Many consumers don’t spend a lot of time thinking about the insulation behind their walls, but they’re often directly exposed to it. Insulation comes in a wide range of materials – from fiberglass to foam, and even denim.
Over the past 20 years, one variety in particular has outpaced the growth of the alternatives. Cellulose insulation, manufactured from recycled newspaper among other inputs, has been increasingly heralded as the premium choice by the environmentally conscious.
Driven by this eco-friendly perception, many of those building new homes are choosing cellulose insulation. In fact, it now accounts for around one-fifth of the total home insulation market and its growth is expected to continue.
It’s not just the private sector getting on board with the purported benefits of cellulose insulation. It has become the preferred product in taxpayer-funded weatherization programs, with a host of state administrators promoting cellulose over the alternatives that prompted a directive from a U.S. Department of Energy administrator to cease and desist favoritism towards a specific product.
Now, however, in what could be a Lumber Liquidators-esque consumer deception when that brand was found to be selling flooring products containing harmful levels of a proven carcinogen, it appears the environmental benefits publicized by the industry have been called into question. And more alarming than marketing mistruths, cellulose may in fact present a multitude of risks.
The National Advertising Division, the Better Business Bureau’s investigative arm, issued findings that dispute several key efficiency claims made by Applegate Insulation, one of the primary offerors of cellulose. Additionally, NAD recommended that the company discontinue the use of three studies utilized to support their claims. In its report, NAD indicated that many of Applegate’s major selling points are unsubstantiated – among them, that cellulose outperforms fiberglass, saves consumers up to 40 percent in energy costs, and quiets a home better than fiberglass.
Applegate isn’t the only one pushing these proven falsehoods. A number of cellulose manufacturers promote the same claims and point to the very same studies – which the NAD has found are faulty or misleading. These reports, now decades old, are featured front and center in promotional materials by the Cellulose Insulation Manufacturers Association and many of its members.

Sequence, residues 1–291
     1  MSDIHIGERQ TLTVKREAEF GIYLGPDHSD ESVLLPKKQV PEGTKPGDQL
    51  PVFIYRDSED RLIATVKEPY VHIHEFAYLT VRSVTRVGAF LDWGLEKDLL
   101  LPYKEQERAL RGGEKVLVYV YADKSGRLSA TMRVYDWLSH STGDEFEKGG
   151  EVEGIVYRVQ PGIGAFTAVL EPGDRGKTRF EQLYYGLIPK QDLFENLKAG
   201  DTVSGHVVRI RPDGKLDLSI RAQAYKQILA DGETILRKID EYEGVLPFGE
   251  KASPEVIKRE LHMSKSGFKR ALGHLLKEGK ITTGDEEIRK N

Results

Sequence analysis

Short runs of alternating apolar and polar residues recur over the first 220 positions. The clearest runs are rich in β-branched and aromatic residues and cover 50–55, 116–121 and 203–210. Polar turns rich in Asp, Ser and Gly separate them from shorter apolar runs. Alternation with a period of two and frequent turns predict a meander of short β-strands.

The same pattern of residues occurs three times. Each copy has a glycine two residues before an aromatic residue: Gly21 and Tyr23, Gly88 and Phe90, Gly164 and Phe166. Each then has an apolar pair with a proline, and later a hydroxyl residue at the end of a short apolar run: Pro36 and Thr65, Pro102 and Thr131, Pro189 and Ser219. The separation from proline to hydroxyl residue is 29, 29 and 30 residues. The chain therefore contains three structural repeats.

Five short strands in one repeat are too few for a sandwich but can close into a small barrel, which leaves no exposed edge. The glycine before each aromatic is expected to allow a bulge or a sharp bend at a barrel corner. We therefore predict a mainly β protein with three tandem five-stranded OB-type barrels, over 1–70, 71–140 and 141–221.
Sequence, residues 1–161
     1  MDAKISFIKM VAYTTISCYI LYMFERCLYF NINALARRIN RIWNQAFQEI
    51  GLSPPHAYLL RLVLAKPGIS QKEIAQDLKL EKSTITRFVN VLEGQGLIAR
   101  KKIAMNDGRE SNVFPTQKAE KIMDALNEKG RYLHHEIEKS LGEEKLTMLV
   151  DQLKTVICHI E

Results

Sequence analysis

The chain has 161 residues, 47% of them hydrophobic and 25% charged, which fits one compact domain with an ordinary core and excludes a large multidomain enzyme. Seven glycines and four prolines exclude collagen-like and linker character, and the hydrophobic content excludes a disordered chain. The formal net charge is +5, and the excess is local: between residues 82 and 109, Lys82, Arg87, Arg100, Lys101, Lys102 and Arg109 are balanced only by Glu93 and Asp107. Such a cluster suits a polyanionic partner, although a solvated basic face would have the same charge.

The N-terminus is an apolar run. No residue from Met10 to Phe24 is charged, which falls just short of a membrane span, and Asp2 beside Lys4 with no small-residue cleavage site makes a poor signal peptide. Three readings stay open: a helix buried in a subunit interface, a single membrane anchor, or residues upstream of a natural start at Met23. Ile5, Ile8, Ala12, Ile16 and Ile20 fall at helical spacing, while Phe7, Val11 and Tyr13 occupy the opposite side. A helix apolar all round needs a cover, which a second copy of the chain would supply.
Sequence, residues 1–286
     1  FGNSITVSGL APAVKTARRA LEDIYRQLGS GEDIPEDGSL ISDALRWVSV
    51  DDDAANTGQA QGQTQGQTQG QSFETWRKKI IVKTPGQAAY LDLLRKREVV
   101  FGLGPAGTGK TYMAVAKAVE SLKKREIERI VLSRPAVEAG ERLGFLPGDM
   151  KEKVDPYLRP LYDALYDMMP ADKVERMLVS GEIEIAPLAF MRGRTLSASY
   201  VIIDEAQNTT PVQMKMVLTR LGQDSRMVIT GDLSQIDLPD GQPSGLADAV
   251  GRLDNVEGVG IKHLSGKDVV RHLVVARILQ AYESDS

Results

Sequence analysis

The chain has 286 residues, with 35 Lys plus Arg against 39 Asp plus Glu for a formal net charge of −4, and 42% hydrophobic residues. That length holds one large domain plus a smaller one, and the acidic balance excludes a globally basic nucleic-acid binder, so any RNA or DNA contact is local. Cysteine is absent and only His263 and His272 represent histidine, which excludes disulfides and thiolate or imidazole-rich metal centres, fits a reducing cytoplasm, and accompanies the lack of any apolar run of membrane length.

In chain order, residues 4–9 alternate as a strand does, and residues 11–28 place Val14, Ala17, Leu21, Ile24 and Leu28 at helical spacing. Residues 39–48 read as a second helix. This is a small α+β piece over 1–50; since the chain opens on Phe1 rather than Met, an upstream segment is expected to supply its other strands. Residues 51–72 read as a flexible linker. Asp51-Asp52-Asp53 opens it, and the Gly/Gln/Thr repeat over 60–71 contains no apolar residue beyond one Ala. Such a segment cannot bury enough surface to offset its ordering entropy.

In 2015, Regal Industries, another large cellulose manufacturer, closed their doors and stated that the use of recycled newsprint made it more difficult to produce a consistent cellulose insulation product, which raised more questions about the quality of cellulose insulation’s first ingredient – it seems unlikely that the variance of recycled newsprint differs significantly between manufacturers.
In addition to efficiency and performance claims, NAD recommended that Applegate discontinue several unsupported claims regarding safety and toxicity that the industry has been touting for years.
One of these erroneous assertions is toxicity associated with cellulose insulation. Cellulose manufacturers claim boric acid, 20 percent of the final product, is “six times less toxic to humans than table salt.” However, boric acid is classified as a hazardous substance under the Hazard Communications Standard. NAD recommended that Applegate refrain from making categorical “non-toxic” claims and discontinue unsupported claims that boron might lower the risk of some cancers and.
Cellulose insulation is regulated by the Occupational Safety and Health Administration as a nuisance dust, defined by irritation of eyes, skin, and mucous membranes. The National Institute for Occupational Safety and Health recommends respirators, and other protective gear be used when handling cellulose insulation.
Despite cellulose insulation’s designation as a nuisance dust, GreenFiber, a major cellulose manufacturer, has failed to take necessary precautions to protect its workers and has a track record of putting employees in grave danger. A federal agency recently cited GreenFiber with violations and levied a $66,600 penalty, alleging that workers were exposed to combustible dust and other safety hazards.
Claims made by cellulose insulation manufacturers of its superior fire retardant qualities have not held up to scrutiny. The Consumer Product Safety Commission regulates cellulose insulation as a fire threat. To warn of this danger, CPSC requires manufacturers to label all containers of cellulose insulation with “CAUTION POTENTIAL FIRE HAZARD.” However, many manufacturers do not comply. In the past year, cellulose was found partially responsible for numerous fires around the country.
The NAD’s investigation, subsequent independent studies, and real-world examples reveal cellulose manufacturers have succeeded in laying down an entirely false set of claims regarding their product’s quality, purity, environmental benefits, and performance, fostering its tremendous growth in popularity through deliberate misinformation.
Not only is boric acid-infused cellulose insulation adding toxins to homes rather than making them “greener” – it poses significant, and until recently, unrecognized threats. Claims that the product is “green” and superior are largely unsubstantiated and disregard inconsistencies in composition; claims that cellulose is non-toxic overlook multiple studies, government guidance to the contrary, and frankly, “science” in general; and claims that the product is fire retardant ignore government guidance and the numerous cases of home damage and destruction.
While cellulose insulation sales continue to climb and manufacturers rake in the benefits of their false advertising, millions of Americans and taxpayers are left with the bill.